A $1.5 million project to widen one of Rapid City’s main east-west thoroughfares from two and three lanes to five moved forward at the city’s Public Works Committee meeting Tuesday.
The committee unanimously authorized city staff to begin advertising for a project to widen a 1.2-mile stretch of Catron Boulevard from its intersection with U.S. Highway 16 to Nugget Gulch Road, just east of Sheridan Lake Road.
Currently, Catron Boulevard oscillates between two and three lanes in that section before opening into five lanes — two eastbound lanes, two westbound lanes and a center turning lane — as it approaches Nugget Gulch Road to the east and the Black Hills Corp. offices to the west.
City Project Engineer Todd Peckosh explained that the road was originally designed and graded for an eventual expansion to five lanes. Now, that eventuality had arrived.
“It’s just kind of logical that with all the development going on out there that we add that lane on now,” he said after Tuesday’s meeting.
Along with Black Hills Corp.’s $70 million, 200,000-square-foot building just southwest of the Catron Blvd-U.S. Highway 16 intersection is the 58-acre Buffalo Crossing development in the southeast corner. That lot already houses a Holiday Inn Express & Suites and will soon be neighbors with a mix of residential, hospitality, retail and health centers including Regional Health’s Advanced Orthopedic and Sports Medicine Institute.
A half-mile south of Buffalo Crossing lies The Meadows, a 160-unit luxury apartment complex currently under construction.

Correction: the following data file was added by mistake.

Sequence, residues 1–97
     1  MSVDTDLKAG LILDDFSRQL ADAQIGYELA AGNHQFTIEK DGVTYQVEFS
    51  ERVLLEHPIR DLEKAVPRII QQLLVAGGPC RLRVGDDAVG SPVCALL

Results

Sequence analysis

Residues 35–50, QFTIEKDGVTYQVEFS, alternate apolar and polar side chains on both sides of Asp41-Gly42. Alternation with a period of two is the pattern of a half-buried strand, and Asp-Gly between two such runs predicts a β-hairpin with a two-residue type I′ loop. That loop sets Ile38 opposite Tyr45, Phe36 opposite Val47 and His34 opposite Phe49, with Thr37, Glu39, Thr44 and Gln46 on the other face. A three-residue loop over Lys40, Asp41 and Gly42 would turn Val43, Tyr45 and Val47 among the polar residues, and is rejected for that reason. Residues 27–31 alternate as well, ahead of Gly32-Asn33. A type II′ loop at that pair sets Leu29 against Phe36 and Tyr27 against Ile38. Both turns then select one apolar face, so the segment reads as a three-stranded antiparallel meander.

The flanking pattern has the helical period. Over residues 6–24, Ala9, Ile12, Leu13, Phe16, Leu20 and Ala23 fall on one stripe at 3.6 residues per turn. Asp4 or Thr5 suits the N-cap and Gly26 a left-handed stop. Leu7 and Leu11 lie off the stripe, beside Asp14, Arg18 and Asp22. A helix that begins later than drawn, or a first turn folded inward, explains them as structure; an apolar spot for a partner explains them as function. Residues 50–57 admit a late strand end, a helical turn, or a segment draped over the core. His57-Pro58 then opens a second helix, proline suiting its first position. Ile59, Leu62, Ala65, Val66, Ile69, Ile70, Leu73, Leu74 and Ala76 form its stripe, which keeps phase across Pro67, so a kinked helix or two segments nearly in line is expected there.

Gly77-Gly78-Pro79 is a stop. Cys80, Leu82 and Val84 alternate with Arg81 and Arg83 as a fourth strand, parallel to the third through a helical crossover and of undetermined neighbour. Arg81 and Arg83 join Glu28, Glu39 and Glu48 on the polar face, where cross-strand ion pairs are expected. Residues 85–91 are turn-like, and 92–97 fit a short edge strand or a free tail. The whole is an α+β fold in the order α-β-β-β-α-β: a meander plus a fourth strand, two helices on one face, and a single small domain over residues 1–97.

Bidding on the project will begin in February, Peckosh said, and construction should begin in March with a completion date sometime near summer’s end. Once the section is widened, the entire stretch will receive a fresh layer of asphalt and new street lighting.
Though unrelated to this project, the South Dakota Department of Transportation is planning a major overhaul of the Catron Blvd-U.S. Highway 16 intersection in the next 10 years.
Another roadwork project also took a step forward during Tuesday’s meeting when the committee approved an agreement for preliminary design work ahead of an estimated $2 million to $2.5 million reconstruction project of Deadwood Avenue.
An approximately 1.5-mile stretch of Deadwood Avenue from Interstate 90 to the border of Meade and Pennington counties will undergo major improvements including pavement rehabilitation, roadway grading, sanitary sewer main work, asphalt paving, drainage, traffic control improvements, striping and right-of-way acquisition.
“The pavement condition is in pretty poor shape through a lot of it,” Peckosh said of the road's current condition. Though it will remain a two-lane rural road, the pavement will be widened from about 20 feet to 30 feet once the work is completed.
A joint project with Pennington County, the sharp curve near the end of Rapid City limits and beginning of Pennington County limits will be straightened out. A “history of accidents” at that curve influenced the decision, Peckosh said.
Construction is expected to begin in 2019 with Pennington County paying for 33 percent of the project’s cost and the city picking up the rest of the tab.